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hand writing out Dear Durenda with a pen
You homeschooled all of your sons from kindergarten to graduation. In what ways did their education look different from your daughters’ education?

e had two girls first, then four boys in a row, a girl, and then another boy. I remember that by the time our first son was a toddler, I had already begun to notice the difference in the things he was interested in and how he absorbed knowledge.

We chose to take an unhurried approach as our kids entered the school years and this was particularly beneficial for our boys.

Since boys tend to develop up to two years slower than girls in the early years, the unhurried approach allowed them to grow a love for learning by giving them the freedom to learn about things that were interesting to them and in ways that resonated with their stage of development.

They all caught up to the girls eventually, but because they were allowed to do so at their own pace, they became confident in their learning style.

One of the other differences I noticed between our sons and daughters was the level of physical energy the boys had compared to the girls. They had an innate desire to move almost constantly. They also typically learned better by experiencing things hands-on and if I used fewer words instead of more.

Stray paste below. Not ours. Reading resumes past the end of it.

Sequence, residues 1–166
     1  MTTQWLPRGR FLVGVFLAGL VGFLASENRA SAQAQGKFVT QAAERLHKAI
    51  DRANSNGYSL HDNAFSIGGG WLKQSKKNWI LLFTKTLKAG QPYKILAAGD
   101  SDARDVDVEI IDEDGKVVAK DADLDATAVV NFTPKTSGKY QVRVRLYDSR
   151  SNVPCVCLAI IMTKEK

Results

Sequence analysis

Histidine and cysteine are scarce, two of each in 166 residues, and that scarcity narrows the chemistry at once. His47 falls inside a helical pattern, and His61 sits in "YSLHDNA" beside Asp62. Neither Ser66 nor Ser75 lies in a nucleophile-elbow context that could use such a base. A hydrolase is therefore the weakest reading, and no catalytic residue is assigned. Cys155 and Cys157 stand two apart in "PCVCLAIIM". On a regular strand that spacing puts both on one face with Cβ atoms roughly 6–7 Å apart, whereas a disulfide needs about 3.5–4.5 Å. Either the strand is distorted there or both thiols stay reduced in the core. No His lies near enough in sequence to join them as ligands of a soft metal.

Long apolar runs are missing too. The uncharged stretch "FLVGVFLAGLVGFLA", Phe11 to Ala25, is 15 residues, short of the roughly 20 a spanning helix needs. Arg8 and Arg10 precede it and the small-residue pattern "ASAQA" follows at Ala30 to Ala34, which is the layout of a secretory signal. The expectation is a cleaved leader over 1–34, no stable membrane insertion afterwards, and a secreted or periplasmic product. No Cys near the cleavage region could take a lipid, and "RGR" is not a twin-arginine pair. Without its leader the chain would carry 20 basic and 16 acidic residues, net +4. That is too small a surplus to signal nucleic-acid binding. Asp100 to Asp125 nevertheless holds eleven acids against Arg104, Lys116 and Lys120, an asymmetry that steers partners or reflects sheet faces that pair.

They didn’t have the same desire to be relational in their studies and preferred to do things independently, especially when they got older. I encouraged this independence even when it meant they had to struggle through problems on their own. The struggle was necessary and encouraged their desire to conquer.

When we understand the way boys are hardwired by their Creator to lead, build, protect, provide, and conquer, it can help shift our approach to their home education so that it is more effective and efficient. Often that means simplifying.

In my new book I wrote:
“Yes, we want our boys to learn excellence and to become skilled, but they are not going to be gifted in every area. Finding what they are good at and refining their skills is a process that requires us to know our boys well and to know what is working for them and what is not—and to be patient.”

—Raising Boys to Men, by Durenda Wilson
Boys are amazing, challenging, wonderful, and full of energy. The key is to know what to do with that and how to direct it in ways that will ultimately grow them from a boy to a man!